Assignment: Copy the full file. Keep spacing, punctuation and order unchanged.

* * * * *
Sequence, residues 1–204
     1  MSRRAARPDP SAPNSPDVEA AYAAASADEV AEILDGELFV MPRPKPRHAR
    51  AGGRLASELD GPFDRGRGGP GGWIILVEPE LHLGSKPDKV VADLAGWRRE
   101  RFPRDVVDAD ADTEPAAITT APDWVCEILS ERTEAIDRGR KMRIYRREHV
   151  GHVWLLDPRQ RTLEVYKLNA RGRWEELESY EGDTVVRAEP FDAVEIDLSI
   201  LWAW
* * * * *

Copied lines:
Sequence, residues 1–204
     1  MSRRAARPDP SAPNSPDVEA AYAAASADEV AEILDGELFV MPRPKPRHAR
    51  AGGRLASELD GPFDRGRGGP GGWIILVEPE LHLGSKPDKV VADLAGWRRE
   101  RFPRDVVDAD ADTEPAAITT APDWVCEILS ERTEAIDRGR KMRIYRREHV
   151  GHVWLLDPRQ RTLEVYKLNA RGRWEELESY EGDTVVRAEP FDAVEIDLSI
   201  LWAW